The issue of every collage artist is Copyright. There are so many questions, so much gray area. It's political. It's very much a part of our current public discussion.
How strange is it that I had started a conversation on saatchi about this very subject. I am going to post the text of it here...
In my collage, I use a lot of labels, pictures and ephemera from all time periods. Some of it is in the public domain, but an equal amount is not. Little snippets from magazines, half of a Mobil logo...torn labels from a candy bar. the cellophane wrapped around a 2 litre bottle of soda...these pieces become the basis of my work. However they are copyrighted. They are in their original form at least. In my art, it may take 20+ snips to complete one composition. None of the images I use is used in its original context in my work. Each item has taken on a new life in my new work and is only a small part in the composite of the new work.
I want to begin marketing a book that I have completed. It has a multitude of imagery, and a portion of it is cut and torn from modern sources. I worry about the risks a publisher might face in taking on a project of this sort. What kind of rights do I really seriously have? If the parent company of Clorox decides to sue someone on account that the fair maid in my collage is sitting in a nest with a clorox bottle flower, will this be grounds for court???
Is there a reason for me to be apprehensive?
In this age of cut and paste, I wonder what my rights really are. This is the gray area. What can I really do with my work? Will publishers shy away from me because of the nature of my materials?
I would love to push this envelope.
its called appropriation and your recontextualising.. and you will be offered a cease and desist. worst case scenario it goes to court and youd be lucky to draw such attention and create such an interesting conversation with pop culture, it would add dimensions to the work.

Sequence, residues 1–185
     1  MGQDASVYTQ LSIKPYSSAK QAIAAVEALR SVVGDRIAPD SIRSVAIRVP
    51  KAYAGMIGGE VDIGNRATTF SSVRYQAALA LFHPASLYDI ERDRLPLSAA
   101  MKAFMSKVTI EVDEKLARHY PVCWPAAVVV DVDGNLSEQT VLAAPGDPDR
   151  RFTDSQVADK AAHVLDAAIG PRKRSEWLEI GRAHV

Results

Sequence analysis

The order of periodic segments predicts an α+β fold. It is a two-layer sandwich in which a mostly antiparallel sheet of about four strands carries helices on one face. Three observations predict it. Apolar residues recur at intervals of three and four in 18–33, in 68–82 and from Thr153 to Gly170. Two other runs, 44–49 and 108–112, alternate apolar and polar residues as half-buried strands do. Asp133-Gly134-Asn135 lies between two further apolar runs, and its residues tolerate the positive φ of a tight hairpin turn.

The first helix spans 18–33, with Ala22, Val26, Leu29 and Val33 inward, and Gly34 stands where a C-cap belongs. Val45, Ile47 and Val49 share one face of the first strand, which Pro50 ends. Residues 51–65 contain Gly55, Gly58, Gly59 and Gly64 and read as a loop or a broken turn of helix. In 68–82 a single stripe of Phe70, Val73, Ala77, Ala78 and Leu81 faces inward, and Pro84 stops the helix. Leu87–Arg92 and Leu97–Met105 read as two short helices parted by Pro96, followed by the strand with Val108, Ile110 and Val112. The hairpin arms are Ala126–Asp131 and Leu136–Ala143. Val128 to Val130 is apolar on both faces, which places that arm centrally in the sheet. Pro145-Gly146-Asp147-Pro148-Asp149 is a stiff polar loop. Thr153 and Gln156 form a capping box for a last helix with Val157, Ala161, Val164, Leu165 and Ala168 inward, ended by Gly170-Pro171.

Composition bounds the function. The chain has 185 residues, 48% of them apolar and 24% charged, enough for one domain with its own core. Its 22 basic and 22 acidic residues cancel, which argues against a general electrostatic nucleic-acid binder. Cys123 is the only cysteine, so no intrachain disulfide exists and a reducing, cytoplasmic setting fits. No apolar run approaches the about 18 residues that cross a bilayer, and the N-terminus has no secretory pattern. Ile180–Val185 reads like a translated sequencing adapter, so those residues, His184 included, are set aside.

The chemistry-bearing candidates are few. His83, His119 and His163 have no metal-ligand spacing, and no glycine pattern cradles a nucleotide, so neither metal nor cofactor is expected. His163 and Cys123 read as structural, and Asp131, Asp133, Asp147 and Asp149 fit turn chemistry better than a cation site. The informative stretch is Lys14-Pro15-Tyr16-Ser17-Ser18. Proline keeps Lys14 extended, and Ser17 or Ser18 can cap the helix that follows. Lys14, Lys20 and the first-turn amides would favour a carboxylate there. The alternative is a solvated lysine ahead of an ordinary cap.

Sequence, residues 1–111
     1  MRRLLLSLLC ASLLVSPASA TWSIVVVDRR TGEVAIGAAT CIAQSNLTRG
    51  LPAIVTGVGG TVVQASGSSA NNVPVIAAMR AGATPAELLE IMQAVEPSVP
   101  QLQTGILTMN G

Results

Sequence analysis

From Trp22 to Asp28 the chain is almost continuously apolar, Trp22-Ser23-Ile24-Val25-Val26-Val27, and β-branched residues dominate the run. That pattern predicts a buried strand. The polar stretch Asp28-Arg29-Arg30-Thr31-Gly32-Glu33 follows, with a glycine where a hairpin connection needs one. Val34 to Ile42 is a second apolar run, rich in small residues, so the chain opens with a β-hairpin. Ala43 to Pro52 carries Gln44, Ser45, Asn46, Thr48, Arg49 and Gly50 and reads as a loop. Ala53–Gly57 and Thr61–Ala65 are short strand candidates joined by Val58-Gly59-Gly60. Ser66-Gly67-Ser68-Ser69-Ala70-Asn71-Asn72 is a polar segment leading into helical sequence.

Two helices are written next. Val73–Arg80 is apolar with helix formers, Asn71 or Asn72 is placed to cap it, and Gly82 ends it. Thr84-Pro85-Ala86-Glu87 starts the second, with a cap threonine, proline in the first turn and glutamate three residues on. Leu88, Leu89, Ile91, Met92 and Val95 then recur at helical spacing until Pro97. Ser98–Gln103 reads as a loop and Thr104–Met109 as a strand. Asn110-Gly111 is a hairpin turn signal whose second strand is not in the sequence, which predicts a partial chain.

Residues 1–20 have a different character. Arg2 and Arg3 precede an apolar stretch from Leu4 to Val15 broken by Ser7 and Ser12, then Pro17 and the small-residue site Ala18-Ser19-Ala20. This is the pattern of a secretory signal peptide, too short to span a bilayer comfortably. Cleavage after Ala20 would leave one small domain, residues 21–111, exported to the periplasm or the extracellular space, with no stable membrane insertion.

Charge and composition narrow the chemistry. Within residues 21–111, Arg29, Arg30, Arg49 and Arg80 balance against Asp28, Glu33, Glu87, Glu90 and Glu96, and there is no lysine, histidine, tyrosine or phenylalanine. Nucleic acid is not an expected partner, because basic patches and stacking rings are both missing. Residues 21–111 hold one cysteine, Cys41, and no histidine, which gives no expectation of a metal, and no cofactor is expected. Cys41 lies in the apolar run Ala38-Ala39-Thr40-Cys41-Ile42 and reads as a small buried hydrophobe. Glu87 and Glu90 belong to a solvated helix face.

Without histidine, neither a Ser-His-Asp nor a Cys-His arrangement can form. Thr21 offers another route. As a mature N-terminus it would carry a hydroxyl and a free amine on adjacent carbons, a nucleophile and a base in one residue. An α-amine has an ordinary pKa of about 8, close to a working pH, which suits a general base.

but think about it - warhols soup cans!
when koons sold 3 "string of puppies" 4 $367000 he did find him self in a bit of a case, - google that and also his new case which you may identify with stronger - its more clip arty..
also look up rosenquist's new work
By no where man
snip, snip...i'm doing some mousey nibbling too myself, u know...only using my teeth, no scissors in the correct size for a mouse available, sir.
i guess my first response would be to say that if that's your method of operation, you should know the letter of the law and apply it to your process from the beginning...then you don't have to worry...i don't think it has to take anything away from your art if you can't use certain images...i think artists use whatever is available to them to do what they have to do...maybe you should think of the offlimit stuff as truly offlimits and use what you can...a painter with one brush uses one brush